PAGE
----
Let us see what Venmo is, what its benefits are, its costs, and why this platform is so used especially by millennials.
Venmo is a financial platform that PayPal acquired when it bought Braintree for $800 million in 2013. It can be said that this application represents the willingness or desire to adopt a new type of monetary system. It also shows a whole new level of trust in devices and a lack of concern for financial privacy.
Venmo is huge in scope and its growth is staggering, especially among millennials and the very young. In the fourth quarter of 2018, it processed more than $19 billion, representing an 80% growth year over year. Today, it exceeds 10 million users. If you are or are thinking of becoming a Venmo user, the information below is important to you. Venmo allows you to pay and ask your friends for money. At its core, Venmo provides a social way to pay your friends when you owe them money and you can’t use cash. Venmo can also be used to make purchases from authorized merchants. For instance:
- Using the Venmo Mastercard debit card anywhere in the US where Mastercard is accepted
- Using Venmo as a payment method in authorized partner applications or mobile websites
- Using store QR codes to complete Venmo purchases
Keep reading: How to apply for a Venmo credit card?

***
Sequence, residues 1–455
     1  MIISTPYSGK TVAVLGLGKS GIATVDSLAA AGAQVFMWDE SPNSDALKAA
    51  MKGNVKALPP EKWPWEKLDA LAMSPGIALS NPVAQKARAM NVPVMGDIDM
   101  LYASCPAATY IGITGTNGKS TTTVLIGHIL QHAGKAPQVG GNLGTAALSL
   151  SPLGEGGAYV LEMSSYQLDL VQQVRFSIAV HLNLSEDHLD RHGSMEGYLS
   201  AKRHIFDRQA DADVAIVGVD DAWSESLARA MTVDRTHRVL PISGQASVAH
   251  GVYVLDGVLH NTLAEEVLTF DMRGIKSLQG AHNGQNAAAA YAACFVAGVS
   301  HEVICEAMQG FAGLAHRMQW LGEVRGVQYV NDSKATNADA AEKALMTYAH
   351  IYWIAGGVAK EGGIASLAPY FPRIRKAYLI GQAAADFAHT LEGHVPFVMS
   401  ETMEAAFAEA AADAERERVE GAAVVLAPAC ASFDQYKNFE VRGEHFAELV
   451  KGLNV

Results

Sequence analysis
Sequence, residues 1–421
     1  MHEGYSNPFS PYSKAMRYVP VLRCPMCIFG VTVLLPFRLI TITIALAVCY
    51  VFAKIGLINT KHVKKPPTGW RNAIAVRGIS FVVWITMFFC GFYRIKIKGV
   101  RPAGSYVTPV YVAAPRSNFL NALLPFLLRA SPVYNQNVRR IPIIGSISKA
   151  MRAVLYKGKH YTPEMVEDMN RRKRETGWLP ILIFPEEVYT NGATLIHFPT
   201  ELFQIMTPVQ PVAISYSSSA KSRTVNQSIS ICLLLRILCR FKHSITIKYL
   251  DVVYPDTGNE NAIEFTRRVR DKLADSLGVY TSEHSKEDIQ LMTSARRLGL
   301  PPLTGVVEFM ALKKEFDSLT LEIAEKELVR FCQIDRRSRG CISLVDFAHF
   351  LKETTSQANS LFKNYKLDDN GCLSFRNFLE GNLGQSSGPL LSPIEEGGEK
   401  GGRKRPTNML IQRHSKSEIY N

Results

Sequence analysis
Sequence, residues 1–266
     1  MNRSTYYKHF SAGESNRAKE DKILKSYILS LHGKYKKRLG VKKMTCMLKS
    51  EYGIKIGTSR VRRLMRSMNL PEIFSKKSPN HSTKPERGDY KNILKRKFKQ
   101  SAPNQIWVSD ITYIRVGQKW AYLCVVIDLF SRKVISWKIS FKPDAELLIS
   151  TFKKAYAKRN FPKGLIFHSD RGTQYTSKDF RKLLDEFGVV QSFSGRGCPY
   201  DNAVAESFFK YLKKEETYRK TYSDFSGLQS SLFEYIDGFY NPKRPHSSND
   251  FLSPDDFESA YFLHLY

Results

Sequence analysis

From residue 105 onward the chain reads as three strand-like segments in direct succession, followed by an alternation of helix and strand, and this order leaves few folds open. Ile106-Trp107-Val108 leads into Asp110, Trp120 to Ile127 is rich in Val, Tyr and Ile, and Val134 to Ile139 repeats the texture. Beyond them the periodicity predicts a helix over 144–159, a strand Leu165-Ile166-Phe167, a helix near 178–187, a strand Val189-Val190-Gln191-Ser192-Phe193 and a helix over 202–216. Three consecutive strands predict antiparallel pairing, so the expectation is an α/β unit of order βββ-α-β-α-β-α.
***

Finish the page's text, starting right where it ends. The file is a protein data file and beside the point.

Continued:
Some companies choose to use Venmo to make payments to freelancers.
Venmo is “unique” because it is also a social platform. Unless you modify the settings, your transactions are visible to the general public, as well as to your friends on the platform. You can see who is sending or receiving money and the notes they include about what those payments are for.
You can send money to any bank with Venmo. Bank transfers are sent until 7:00 p.m. and will generally be available the next business day, but this may change on weekends and holidays. Once you have created your account, you will have a limit of $299.99. But after confirming your identity on the platform, that limit increases to $2,999.99 per week.
Sending remittances to bank accounts outside the United States is currently not an option. You can only send money to other Venmo users or bank accounts in the USA.
Venmo may seem free at first glance; Nevertheless, there are small fees that you could be paying without even realizing it. When you sign up for Venmo, you are not asked to make any payment to use the app. Therefore, you might think that Venmo is free. For most users, that is true. Venmo does not charge anything to download the application and start using it. Perhaps this is why it has become so popular.
However, the platform has to generate income for its owners. How does it do it? Simple, charging transaction fees. Whenever you decide to use a financial platform, it is important that you know what the charges and risks are to which you expose yourself. In this way, you can protect yourself and save money.
Here are some Venmo fees that you should know.
Instant transfer fees
You can transfer money from your Venmo account to your online bank account for free. But if you want that money quickly, you have to pay for the service.
You can make an instant transfer from Venmo to your linked debit card in a matter of minutes if you are willing to pay 25 cents or 1% of the total transfer, whichever is greater.
If you can wait a day or two for the money to take effect, the transfer will be free. You can also use a Venmo debit card if you want to access the money immediately without paying a fee.